In timber engineering the joining of members is generally a critical factor in the design of a structure, which places emphasis on the type of connection used. Metal dowel-type fasteners and bearing-type connectors are the most common form of connector.
Why is the Structural Timber Wood Screw different?
- It is a high-strength wood screw manufactured from heat-treated carbon steel in different lengths. This is an alternative to connections via bolting and traditional coach (lag) screws.
- The 6 and 8mm washer head screw has a 14 and 22mm washer head with a serrated tread point.
- Installs easily with a six-lobe driver bit and requires no pre-drilling.
- Is used for connections in load bearing timber structures between members of solid timber, glued laminated timber, cross laminated timber and laminated veneer lumber, similar glued members, wood-based panels or steel. The high-strength wood screw is also used as tensile or compressive reinforcement perpendicular to the grain.
- Corrosion treatment is equivalent to hot-dip galvanisation.
- Purlin to rafter connection
- Connection of insolation board material onto rafter or between rafters
- Connection of multi-ply truss members
- Connection of timber frame panels
- Truss to top plate connection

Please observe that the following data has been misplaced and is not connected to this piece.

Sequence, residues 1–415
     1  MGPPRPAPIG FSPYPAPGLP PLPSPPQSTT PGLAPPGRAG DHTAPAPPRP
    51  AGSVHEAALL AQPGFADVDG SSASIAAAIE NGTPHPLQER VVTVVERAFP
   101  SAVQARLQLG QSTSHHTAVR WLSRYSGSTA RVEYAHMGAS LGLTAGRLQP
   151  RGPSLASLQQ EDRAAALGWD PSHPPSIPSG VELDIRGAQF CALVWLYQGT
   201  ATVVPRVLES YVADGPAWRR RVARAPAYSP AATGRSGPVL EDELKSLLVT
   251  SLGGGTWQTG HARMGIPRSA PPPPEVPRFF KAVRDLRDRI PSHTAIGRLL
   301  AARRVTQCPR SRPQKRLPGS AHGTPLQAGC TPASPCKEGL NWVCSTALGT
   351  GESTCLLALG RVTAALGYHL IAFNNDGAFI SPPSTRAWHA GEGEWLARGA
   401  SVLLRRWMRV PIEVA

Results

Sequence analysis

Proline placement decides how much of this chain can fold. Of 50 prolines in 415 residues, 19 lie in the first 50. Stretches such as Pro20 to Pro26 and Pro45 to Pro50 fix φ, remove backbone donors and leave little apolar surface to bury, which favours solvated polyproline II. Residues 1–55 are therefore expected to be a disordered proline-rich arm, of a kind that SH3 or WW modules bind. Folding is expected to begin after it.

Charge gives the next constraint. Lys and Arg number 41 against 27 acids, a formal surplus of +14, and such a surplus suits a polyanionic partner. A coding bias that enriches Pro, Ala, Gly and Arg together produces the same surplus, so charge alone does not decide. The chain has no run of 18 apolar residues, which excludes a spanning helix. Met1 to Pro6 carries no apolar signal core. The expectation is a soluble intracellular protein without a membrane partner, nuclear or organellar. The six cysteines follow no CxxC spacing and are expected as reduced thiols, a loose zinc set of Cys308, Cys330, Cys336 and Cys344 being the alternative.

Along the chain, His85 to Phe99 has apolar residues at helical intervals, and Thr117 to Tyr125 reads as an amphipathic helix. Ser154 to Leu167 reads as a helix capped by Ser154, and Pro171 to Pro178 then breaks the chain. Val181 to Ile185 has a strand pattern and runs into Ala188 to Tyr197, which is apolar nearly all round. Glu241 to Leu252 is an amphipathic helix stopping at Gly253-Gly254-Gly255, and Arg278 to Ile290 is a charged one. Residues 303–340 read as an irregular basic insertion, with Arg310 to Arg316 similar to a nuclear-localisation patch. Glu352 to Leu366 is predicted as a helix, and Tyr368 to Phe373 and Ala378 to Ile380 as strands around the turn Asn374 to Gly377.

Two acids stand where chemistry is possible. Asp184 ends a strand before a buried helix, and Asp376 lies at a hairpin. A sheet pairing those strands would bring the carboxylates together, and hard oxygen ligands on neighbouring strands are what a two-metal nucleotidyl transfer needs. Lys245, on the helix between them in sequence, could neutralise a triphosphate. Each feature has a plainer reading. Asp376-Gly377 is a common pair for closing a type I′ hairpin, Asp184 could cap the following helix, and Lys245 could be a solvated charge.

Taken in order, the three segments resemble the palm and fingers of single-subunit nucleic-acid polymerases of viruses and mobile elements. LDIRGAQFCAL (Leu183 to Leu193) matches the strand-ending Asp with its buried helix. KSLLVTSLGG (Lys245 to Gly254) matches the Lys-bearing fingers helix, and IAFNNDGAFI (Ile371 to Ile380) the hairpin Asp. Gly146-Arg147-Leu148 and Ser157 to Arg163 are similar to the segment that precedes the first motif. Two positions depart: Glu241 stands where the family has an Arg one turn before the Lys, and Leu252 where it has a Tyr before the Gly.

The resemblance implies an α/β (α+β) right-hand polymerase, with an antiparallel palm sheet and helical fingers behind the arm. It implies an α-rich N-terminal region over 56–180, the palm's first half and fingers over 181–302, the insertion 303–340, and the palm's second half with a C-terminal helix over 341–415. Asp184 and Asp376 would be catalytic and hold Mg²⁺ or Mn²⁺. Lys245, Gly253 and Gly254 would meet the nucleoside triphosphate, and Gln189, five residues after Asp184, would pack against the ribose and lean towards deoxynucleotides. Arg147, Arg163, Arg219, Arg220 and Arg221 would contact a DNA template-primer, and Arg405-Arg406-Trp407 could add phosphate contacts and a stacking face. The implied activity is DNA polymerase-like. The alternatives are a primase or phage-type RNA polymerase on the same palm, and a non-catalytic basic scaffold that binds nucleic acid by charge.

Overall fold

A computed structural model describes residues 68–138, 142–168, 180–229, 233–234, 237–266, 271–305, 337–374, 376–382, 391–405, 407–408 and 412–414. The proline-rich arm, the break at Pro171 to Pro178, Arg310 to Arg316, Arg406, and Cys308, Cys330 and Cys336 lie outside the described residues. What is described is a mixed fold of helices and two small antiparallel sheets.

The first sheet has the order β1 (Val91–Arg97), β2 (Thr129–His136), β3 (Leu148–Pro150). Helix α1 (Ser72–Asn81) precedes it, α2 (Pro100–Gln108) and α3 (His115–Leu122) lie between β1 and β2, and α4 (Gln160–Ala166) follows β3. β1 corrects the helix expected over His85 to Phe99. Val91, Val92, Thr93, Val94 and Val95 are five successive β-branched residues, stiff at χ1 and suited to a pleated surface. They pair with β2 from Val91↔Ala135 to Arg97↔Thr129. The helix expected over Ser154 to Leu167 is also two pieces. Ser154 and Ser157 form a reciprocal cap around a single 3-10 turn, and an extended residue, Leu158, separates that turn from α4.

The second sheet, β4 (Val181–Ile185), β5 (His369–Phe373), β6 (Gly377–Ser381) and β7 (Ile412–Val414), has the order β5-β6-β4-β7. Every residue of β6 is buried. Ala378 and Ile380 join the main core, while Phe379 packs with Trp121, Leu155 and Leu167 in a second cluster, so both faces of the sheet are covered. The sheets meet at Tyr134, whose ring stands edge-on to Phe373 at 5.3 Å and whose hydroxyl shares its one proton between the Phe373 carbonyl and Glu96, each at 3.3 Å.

- Tensile or compressive reinforcement of timber members
- Structural insulated panel erection
- Shed and stable erection
- Timber fence pole connections
- Gum pole connections for thatched lapa framework
- Easy connection for wood components without pre-drilling and timber splitting
- Tested engineering design values via ETA approval
- Exceptional aesthetic appearance
- Misplacement easy to rectify by unscrewing and refitting
- Time-saving contributed to labour-saving
- Visual characteristic head marking for inspectorate
Frequently asked questions:
Q: Are all the imported structural timber screws of the same quality?
Q: How can I be certain the structural screw will perform as advertised?
Unfortunately, the SABS does not have a National Standard for structural timber screw product requirements, and it is the responsibility of the user to make an informed decision on the correct strength and corrosion-treated structural timber screw to use in the connection.
To make the correct decision on which screw to use, clarify with the supplier the following:
Q: What is an ETA?
Q: Will the structural timber screw be the answer for insulation over rafter connections?